Dafne Schippers

Born in Utrecht, central Netherlands on June 15, 1992, Dafne Schippers first found fame as a heptathlete, setting a new national record of 6,477 points when winning a bronze medal at the 2013 World Athletics Championships. She was, in fact, the first Dutchwoman to win a medal in the event. However, at the 2014 European Athletics Championships, Schippers won gold medals in both the 100 metres and 200 metres, setting a new national record in the latter event, which lead her to reassess her future in athletics. In preparation for the 2015 World Athletics Championships and the 2016 Summer Olympics, she announced that she would focus exclusively on sprint events, inevitably leading to her nickname, ‘The Flying Dutchwoman’.

At the 2015 World Athletics Championship in Beijing, Schippers set a new national record, of 10.80 seconds, when winning a silver medal in the 100 metres and a new European record, of 21.63 seconds, when winning a gold medal in the 200 metres. The 2016 Summer Olympics in Rio de Janeiro proved to be a disappointment, with Schippers finishing only fifth behind Jamaican Elaine Thompson in the 100 metres final and occupying the silver medal position behind the same rival in the 200 metres final.

Having voiced her frustration, Schippers parted company with her original coach Bart Bennema – whom she would rejoin in November, 2018 – in favour of Florida-based Rana Reider in preparation for the World Athletics Championships in London in 2017. The new association proved successful, at least for a time. Schippers won a bronze medal in the 100 metres and defending her title in the 200 metres, following in the footsteps of Jamaican Merlene Ottey and American Allyson Felix as one of just three athletes to do so.

Jo Pavey

Joanne ‘Jo’ Pavey MBE is probably best known for winning the gold medal in the 10,000 metres at the European Athletics Championships in Zurich, Swizerland in August, 2014. She did so at the age of 40 years and 325 days, thereby becoming the oldest female European in history. Later she joked,

‘When I won at the European Championships, I got a double-barrelled surname. I was referred to as ‘Jo Pavey-Forty’.’

Nevertheless, Pavey was appointed Member of the Order of the British (MBE) in the Queen’s Birthday Honours list in 2015 and earned a call-up to represent Great Britain at the 2016 Summer Olympics in Rio de Janiero. Thus, she became the first British track athlete to compete at five consecutive Olympic Games.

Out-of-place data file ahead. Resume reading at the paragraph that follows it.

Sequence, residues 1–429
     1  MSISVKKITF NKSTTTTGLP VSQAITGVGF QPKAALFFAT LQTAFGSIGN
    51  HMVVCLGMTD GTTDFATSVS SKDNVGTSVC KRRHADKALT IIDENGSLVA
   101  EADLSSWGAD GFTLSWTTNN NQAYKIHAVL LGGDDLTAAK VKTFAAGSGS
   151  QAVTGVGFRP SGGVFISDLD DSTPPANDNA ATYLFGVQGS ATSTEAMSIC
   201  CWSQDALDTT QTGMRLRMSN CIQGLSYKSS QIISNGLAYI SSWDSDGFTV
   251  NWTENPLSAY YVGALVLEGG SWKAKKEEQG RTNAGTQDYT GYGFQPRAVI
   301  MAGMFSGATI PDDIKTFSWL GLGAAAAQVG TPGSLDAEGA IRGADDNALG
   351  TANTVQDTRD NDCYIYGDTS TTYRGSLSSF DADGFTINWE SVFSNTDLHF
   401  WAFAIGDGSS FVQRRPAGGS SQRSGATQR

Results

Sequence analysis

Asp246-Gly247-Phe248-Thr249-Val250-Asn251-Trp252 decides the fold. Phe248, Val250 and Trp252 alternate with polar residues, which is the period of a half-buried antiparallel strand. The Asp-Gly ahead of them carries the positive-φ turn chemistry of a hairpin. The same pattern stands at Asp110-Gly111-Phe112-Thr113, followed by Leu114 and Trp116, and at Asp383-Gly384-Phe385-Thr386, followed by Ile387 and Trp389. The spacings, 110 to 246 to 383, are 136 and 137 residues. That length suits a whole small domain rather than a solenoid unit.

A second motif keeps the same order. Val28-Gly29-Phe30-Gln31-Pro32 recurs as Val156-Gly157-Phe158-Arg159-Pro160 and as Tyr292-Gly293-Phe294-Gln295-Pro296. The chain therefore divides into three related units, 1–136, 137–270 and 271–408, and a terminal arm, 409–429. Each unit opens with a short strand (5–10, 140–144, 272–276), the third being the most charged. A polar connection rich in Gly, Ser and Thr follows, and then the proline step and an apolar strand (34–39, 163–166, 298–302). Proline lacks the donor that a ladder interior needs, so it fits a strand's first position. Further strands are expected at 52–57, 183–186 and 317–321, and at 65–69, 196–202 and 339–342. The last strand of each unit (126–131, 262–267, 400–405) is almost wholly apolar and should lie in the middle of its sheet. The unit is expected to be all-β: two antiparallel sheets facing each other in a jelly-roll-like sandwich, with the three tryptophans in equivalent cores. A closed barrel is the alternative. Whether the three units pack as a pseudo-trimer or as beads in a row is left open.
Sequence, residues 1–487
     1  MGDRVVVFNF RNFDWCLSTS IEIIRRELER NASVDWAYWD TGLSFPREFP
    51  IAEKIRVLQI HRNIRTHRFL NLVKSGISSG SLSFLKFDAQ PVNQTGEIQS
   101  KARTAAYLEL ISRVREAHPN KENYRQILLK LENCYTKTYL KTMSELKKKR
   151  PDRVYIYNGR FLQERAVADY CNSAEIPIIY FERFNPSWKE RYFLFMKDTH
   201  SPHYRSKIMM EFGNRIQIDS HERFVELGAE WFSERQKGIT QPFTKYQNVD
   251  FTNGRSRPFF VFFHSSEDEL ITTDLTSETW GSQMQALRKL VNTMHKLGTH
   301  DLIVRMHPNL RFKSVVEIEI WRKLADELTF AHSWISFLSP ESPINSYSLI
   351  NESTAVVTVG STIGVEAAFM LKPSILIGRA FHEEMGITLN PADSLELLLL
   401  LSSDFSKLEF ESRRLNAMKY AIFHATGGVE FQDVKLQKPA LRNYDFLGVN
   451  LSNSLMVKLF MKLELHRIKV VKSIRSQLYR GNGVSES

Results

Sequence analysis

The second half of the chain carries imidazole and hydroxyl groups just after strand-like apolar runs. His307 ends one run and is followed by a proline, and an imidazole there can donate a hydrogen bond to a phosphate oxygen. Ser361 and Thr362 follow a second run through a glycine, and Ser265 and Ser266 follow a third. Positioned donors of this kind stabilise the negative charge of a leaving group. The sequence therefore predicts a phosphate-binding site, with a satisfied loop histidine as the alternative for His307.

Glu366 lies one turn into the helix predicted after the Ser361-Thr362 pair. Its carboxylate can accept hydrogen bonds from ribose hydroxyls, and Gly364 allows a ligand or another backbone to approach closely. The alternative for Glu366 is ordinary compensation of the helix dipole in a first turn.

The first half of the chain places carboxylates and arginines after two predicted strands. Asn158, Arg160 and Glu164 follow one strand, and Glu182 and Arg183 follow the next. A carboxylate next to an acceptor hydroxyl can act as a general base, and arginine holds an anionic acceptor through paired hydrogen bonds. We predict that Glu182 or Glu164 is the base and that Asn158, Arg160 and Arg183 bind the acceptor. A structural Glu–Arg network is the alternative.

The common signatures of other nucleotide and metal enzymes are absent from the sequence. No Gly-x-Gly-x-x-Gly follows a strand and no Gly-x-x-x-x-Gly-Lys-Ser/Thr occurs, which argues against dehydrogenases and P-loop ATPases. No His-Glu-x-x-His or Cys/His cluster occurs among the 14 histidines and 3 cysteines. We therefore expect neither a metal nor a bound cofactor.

Born in Honiton, Devon on September 20, 1973, Pavey achieved her best Olympic placing when fifth, behind Meseret Defar of Ethiopia, in the final of the 5,000 metres at the 2004 Summer Olympics in Athens. Three years later, she finished fourth in the final of the 10,000 metres at the World Athletics Championships in Osaka, Japan. However, a decade later, in 2017, original silver medallist Elvan Abeylegesse was disqualified for taking a prohibited substance, such that Pavey was retrospectively awarded the bronze medal.

Prior to her victory in Zurich, Pavey had also won the silver medal in the 10,000 metres at the 2012 European Athletics in Helsinki, Finland. She was also a two-time medallist over 5,000 metres at the Commonwealth Games, winning silver in Melbourne in 2006 and bromze in Glasgow eight years later.

Pavey, a mother of two, admitted that the postponement of the 2020 Summer Olympics in Tokyo until 2021 was disappointing, but nonetheless expressed her determination to ‘give it a go’. A sixth Olympic Games, at the age of 47, ultimately proved beyond her, but her never-say-die attitude remains an inspiration to athletes of all ages.

Laila Ali

Laila Ali is, of course, the daughter of the late Muhammad Ali, arguably the most famous boxer of all time, and his third wife, Veronica Porche. However, Laila Ali become a boxing world champion in her own right, retiring undefeated, with a 24-0-0 record, including 21 knockouts, in February, 2007.